Happiness: what an unquantifiable and indefinable notion! Yet, the experience of happiness is calming and exciting, meaningful and liberating, unlocking our potential and opening entirely new scenarios previously unavailable. Perhaps happiness is the most essential and crucial factor in human survival. Its cultivation might be the most urgent item on the global agenda – not as a consumer ploy or a twisted propaganda heist, but as a keystone priority for application in every land and every department of life. The outcome might be not an abdication but a profound re-assumption of our true responsibilities. Even assuming and carrying out responsibilities generates happiness.
Lawmakers, government agencies, charitable sponsors, lifestyle designers and social engineers can facilitate conditions which might be conducive to happiness, yet they cannot create happiness. Happiness is a state of mind and heart, and when it arises it inevitably involves meeting up with and transforming our pain – the stuff which keeps us unhappy. Our pain and the memory of it, whether thought about or held secretly deep down in our cells, obscures our capacity to find happiness with what we have or to specify and manifest what we truly need. In later essays, I shall expand on this theme to paint a picture of a kind of world which might be unreservedly acceptable to all humans. I hope also to give a hint of retroactive meaning to the painful and, for many, meaning-poor existences which many people have led throughout much of recorded history.
Don't get me wrong. I don't have The Big Answer. Some people believe they do possess it, and that's a common habit of belief. Big Answers charge their price, and they have been a major cause of suffering in the past. Neither Christianity nor Communism succeeded in bringing happiness to people – though there might have been brief and localised outbursts. No Big Answer seems to have the capacity to embrace everyone.
What I do have is a sense of the process involved – or at least, where it might start. From there on, the big determining factor is humanity's capacity to respond insightfully to whatever arises, and to make the best use of it. It's like an unfolding chess-game. This might be our guiding factor – to take our lead from events. To look very carefully at those events and at what they say. To look penetratingly at ourselves and our societies. But most of all, to act and respond appropriately, with an intertwined sense of both vision and pragmatism.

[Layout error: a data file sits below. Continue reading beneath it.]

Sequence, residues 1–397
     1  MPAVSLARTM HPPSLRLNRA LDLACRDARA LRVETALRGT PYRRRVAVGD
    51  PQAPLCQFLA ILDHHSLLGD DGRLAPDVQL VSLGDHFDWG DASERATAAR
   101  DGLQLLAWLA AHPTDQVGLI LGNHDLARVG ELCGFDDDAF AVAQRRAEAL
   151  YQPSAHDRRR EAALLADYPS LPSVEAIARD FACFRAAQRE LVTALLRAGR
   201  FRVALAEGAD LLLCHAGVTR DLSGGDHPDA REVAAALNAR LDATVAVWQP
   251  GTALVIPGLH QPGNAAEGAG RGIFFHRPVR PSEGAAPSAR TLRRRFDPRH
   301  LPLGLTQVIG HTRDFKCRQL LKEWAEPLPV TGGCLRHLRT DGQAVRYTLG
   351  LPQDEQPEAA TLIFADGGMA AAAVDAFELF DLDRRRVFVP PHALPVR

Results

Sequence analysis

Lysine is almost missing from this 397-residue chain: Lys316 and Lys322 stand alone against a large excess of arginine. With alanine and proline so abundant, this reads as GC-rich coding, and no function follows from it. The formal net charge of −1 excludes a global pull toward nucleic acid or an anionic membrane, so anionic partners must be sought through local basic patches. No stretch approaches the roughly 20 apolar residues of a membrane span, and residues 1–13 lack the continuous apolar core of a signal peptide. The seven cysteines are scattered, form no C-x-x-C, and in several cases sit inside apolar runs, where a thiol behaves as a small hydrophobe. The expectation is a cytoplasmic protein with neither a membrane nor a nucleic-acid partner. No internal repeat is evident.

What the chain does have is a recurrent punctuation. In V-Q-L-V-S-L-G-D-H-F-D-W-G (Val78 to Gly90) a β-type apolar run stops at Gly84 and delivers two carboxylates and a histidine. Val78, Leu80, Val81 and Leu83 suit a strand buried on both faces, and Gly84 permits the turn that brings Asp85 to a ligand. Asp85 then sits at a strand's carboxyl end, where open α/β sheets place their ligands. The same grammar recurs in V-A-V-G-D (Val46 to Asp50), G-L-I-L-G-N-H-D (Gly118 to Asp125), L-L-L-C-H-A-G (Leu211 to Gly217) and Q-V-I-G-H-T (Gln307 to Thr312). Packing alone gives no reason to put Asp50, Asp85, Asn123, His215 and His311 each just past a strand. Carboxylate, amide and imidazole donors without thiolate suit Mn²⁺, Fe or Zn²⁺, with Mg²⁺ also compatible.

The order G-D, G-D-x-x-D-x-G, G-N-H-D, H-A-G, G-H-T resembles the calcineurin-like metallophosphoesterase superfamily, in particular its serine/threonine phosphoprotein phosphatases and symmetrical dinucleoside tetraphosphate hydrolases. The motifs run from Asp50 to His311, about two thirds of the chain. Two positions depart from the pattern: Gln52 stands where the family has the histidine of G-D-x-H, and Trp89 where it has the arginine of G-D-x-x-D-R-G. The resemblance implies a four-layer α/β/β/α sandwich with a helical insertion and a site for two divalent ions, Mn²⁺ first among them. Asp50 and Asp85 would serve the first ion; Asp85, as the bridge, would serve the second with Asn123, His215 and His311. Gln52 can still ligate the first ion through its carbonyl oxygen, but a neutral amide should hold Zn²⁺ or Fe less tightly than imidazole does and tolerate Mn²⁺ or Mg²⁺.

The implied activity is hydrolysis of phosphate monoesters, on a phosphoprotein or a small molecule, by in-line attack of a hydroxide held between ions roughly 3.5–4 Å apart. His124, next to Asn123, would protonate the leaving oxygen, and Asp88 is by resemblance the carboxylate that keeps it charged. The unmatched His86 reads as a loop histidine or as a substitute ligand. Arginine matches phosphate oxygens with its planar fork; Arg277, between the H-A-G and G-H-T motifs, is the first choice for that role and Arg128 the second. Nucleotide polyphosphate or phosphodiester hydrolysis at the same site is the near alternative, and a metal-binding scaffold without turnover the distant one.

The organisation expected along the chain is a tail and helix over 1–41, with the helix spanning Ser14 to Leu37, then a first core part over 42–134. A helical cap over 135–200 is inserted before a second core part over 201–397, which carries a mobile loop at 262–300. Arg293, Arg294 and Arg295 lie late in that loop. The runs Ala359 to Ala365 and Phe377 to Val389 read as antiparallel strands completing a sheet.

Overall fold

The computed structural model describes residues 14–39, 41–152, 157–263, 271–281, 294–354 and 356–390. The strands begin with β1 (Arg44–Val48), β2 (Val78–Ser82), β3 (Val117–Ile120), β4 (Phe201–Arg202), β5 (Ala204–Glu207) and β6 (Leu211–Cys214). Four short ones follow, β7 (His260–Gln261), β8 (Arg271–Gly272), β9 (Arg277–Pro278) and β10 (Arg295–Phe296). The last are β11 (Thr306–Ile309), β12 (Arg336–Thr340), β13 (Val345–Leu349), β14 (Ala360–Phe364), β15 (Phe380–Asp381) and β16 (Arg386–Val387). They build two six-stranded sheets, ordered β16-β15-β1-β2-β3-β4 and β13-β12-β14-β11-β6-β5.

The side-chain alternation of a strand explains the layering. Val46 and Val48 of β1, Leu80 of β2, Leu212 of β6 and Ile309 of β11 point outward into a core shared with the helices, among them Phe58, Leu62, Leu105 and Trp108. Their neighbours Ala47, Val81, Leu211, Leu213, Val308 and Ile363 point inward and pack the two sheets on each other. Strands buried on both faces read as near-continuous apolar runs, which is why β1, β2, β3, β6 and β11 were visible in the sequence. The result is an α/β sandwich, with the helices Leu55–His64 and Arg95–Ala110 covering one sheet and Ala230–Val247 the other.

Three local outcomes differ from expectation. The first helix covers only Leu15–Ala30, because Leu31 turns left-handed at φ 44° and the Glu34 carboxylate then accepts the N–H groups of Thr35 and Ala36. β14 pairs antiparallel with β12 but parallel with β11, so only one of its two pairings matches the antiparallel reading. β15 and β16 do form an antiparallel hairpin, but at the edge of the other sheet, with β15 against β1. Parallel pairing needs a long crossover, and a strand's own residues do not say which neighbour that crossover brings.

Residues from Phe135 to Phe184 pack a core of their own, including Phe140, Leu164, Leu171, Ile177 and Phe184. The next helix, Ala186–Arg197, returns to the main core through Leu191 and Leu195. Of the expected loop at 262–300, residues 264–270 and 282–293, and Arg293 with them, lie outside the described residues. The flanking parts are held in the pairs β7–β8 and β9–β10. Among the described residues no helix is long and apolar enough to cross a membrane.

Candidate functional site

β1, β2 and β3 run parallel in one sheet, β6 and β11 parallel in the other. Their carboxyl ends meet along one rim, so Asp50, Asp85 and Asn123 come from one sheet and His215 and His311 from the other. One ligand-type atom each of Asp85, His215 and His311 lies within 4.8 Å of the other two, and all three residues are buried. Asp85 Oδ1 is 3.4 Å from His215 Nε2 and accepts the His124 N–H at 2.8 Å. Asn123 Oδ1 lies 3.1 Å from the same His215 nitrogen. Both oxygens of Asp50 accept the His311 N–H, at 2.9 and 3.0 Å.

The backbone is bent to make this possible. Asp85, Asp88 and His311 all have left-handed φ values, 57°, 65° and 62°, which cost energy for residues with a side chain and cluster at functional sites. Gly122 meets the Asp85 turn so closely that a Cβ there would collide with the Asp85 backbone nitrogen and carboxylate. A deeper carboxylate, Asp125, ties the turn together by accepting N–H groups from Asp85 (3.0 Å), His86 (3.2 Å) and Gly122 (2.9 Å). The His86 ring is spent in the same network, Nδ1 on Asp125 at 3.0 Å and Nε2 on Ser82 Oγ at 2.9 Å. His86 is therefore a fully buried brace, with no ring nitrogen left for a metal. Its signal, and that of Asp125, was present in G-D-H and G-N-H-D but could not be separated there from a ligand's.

Various problems arise here. How do we decide, and who decides? What do we do about those who wish to keep things more or less as they are and to make life difficult for others? What is appropriate or right? How do we know? Will our economies support it? Who wins, who loses? When will it all be over? Will it make life more difficult or easier? How can we trust in the process if we don't know what will happen? Can humanity be trusted? These essays seek to shed light on questions such as these. And only time will tell.
Increasing numbers of people are catching on to the notion that world transformation is necessary – even if they hold this notion secretly to themselves or if they hold it even unbeknownst to themselves. World transformation isn't just a tweaking of the knobs and an adjustment of a few key factors, neither can it be simply legislated or organised. Reforms can be circumvented, undermined or evaded by anyone with the gall to do so – and nowadays politics has resolved itself into a game where appearances of change have superseded and subverted real change. World transformation is larger than we can see, and the destination lies beyond our conception. Scary! Yet it's a process. If we were given the Final Answer tomorrow, we would take fright and run away from it or we would condemn it as impossible.
World transformation needs to be freely entered into by all people concerned. It involves much more than a majority decision. If 95% of the world's population is in favour and 5% seriously detract, the whole process can be scuppered. So one of the big questions I'm addressing concerns how transformation might come about. I would suggest that the transformation of the Soviet Union in the late 1980s was a sign of things to come – the changes there took place quite fast. Yet, for the world as a whole, it isn't a question of replacing one materialist system with another, and there won't be a ready-made replacement system to move in either. So the Russian analogy is limited in scope.
One of the big problems involved with world transformation is: we just do not know. We don't even know what exactly we need to know. It's a remarkable situation. It lacks precedents. This kind of project hasn't been done before, and it runs against ingrained historical habit. However, world transformation is possibly the only option available to us. The alternatives seem to involve demise and difficulty.